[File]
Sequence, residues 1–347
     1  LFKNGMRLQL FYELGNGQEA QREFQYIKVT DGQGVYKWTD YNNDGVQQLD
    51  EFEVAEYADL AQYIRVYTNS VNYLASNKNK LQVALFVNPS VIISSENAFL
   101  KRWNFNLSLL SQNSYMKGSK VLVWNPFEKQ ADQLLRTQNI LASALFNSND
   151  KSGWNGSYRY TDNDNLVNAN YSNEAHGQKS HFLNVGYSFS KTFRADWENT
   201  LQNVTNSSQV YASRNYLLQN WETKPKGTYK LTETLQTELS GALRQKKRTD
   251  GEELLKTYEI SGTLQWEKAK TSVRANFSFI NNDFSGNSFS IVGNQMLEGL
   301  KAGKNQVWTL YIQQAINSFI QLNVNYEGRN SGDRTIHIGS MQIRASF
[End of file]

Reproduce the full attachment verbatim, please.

Sequence, residues 1–347
     1  LFKNGMRLQL FYELGNGQEA QREFQYIKVT DGQGVYKWTD YNNDGVQQLD
    51  EFEVAEYADL AQYIRVYTNS VNYLASNKNK LQVALFVNPS VIISSENAFL
   101  KRWNFNLSLL SQNSYMKGSK VLVWNPFEKQ ADQLLRTQNI LASALFNSND
   151  KSGWNGSYRY TDNDNLVNAN YSNEAHGQKS HFLNVGYSFS KTFRADWENT
   201  LQNVTNSSQV YASRNYLLQN WETKPKGTYK LTETLQTELS GALRQKKRTD
   251  GEELLKTYEI SGTLQWEKAK TSVRANFSFI NNDFSGNSFS IVGNQMLEGL
   301  KAGKNQVWTL YIQQAINSFI QLNVNYEGRN SGDRTIHIGS MQIRASF